“The peculiarity of this situation is that materials from the previous case, for vandalism, formed the basis of the new case, about treason,” Kotelnikov told the BBC.
“A substantial part of the case consists of witness testimony from the previous case”. His lawyer claims that Pokushin found ‘familiar names’ among the witnesses in his attempted treason case.
An average Joe
Back in Birobidzhan, Valery Kachin’s family and friends are at a loss to explain how this quiet and mild-mannered young father could have ended up facing such serious charges.
After graduating from Amur State University in 2014 with a degree in information systems and technology, Kachin worked for the local authorities first in property management, and then as a surveyor and cartographer. At the time of his arrest he was working in a local nature reserve., documenting land deeds.
“He is a desk jockey,” a colleague told the BBC. “In two years here he has only been out into the forest maybe once on a tour, or for a drink at the ranger station. He has a baby daughter… He’s just an ordinary citizen, one of millions, an average Joe”.
Colleagues speculate that maybe he gave someone a map of the local area – which is close to the Chinese border and in Soviet times was heavily fortified. But they’re baffled as to why anyone would need a map of the region now.
“Whatever military secrets [there were here], have all been destroyed or sold long ago”, a colleague told the BBC.
“The border with China is right there, and the Chinese already know where everything is. Their drones fly along the border, over our territory, while ours can’t do anything”.
Valery Kachin’s wife, Ekaterina, told the BBC that she had signed a non-disclosure agreement with investigators, meaning she could not discuss her husband’s case.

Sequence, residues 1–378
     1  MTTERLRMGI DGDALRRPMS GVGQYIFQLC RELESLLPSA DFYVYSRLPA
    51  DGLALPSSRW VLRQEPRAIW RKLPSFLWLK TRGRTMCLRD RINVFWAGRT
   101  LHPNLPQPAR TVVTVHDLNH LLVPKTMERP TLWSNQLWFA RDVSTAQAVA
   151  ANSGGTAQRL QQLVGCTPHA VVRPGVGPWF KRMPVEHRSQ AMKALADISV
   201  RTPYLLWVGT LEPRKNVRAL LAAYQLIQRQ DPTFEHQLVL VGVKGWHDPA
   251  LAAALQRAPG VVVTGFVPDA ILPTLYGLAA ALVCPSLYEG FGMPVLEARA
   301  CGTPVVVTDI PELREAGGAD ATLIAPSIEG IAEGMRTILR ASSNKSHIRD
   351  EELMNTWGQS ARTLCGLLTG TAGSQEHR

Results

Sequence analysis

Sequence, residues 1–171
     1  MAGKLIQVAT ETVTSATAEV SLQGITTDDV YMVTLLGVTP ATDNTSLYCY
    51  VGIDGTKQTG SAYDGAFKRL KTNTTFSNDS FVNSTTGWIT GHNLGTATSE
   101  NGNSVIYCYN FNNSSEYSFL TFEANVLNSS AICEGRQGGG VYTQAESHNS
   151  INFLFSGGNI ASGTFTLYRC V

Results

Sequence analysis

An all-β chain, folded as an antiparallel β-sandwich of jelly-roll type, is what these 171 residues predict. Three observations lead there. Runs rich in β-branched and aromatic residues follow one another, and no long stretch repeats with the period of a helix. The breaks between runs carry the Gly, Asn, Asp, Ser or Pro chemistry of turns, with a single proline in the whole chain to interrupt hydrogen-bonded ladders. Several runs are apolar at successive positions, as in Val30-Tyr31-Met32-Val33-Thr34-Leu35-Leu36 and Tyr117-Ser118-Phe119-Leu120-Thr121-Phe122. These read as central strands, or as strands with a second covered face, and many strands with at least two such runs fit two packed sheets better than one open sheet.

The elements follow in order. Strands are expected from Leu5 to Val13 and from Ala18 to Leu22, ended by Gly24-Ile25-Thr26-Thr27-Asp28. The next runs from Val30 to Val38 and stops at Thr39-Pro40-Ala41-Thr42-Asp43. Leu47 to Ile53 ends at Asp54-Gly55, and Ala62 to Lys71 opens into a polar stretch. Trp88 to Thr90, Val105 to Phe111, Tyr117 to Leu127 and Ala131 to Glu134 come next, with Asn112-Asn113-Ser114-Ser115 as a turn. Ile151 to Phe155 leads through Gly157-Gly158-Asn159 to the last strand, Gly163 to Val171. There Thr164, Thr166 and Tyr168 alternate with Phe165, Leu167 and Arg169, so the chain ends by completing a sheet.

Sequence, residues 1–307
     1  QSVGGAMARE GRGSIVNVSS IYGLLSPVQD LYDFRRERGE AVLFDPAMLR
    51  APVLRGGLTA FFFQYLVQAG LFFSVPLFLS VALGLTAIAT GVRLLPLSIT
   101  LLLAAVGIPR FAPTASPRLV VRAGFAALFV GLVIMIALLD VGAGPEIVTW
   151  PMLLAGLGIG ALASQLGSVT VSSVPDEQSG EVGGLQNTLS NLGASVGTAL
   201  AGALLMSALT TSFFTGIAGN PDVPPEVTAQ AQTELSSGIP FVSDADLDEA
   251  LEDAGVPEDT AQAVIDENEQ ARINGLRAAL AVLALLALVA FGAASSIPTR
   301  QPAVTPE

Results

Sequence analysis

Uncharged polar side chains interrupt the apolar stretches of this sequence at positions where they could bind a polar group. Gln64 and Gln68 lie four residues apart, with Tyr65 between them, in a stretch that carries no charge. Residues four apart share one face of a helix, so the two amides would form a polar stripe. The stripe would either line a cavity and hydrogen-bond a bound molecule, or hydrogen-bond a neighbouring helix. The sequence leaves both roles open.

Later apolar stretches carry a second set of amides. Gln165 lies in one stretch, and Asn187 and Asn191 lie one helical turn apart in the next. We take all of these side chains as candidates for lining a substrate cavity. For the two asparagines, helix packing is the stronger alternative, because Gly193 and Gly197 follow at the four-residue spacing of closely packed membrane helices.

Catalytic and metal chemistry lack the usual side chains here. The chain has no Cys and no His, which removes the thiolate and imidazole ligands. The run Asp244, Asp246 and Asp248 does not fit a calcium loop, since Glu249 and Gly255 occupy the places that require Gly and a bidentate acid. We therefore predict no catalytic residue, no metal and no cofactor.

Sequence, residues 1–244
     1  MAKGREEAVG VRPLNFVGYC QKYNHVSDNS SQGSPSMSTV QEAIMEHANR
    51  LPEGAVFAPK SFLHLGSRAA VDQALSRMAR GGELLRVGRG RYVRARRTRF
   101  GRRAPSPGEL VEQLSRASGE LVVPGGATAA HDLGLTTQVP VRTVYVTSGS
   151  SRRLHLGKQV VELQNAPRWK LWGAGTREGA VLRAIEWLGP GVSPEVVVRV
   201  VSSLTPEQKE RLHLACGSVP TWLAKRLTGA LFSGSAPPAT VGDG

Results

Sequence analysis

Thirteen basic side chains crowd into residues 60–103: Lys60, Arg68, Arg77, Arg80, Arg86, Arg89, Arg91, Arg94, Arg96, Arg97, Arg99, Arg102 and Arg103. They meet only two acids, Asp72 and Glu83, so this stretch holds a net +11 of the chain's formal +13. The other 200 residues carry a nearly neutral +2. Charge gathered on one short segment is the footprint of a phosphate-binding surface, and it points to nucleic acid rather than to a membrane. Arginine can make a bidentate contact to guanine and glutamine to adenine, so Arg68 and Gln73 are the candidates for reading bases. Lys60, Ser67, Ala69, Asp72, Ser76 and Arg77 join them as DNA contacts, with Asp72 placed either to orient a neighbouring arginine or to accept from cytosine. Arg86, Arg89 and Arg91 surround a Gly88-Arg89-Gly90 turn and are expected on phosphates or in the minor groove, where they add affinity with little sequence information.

“We had no chance to see him or talk to him,” she said. “He is doing well, but I can’t say any more”.
Building a case
Yevgeny Smirnov is a lawyer with the ‘Department One’, human rights organisation and is currently handling the case of Saveli Frolov, the young man arrested on the Georgian border.
Smirnov says recent treason cases initiated across Russia all seem to follow a common pattern. The security services discover something potentially suspicious about someone – a conversation on their phone about Ukraine, as in Frolov’s case, or an act of vandalism, like Igor Pokushin, the man who defaced a banner supporting the war in Ukraine. The suspect is detained and kept in custody on minor charges, buying local security officials time to consult with their colleagues in Moscow and to build a more serious case.
Until December regional branches of the FSB did not usually apply Article 275 (High treason) when prosecuting cases involving people suspected of planning to go to Ukraine to fight against Russian forces, says Smirnov.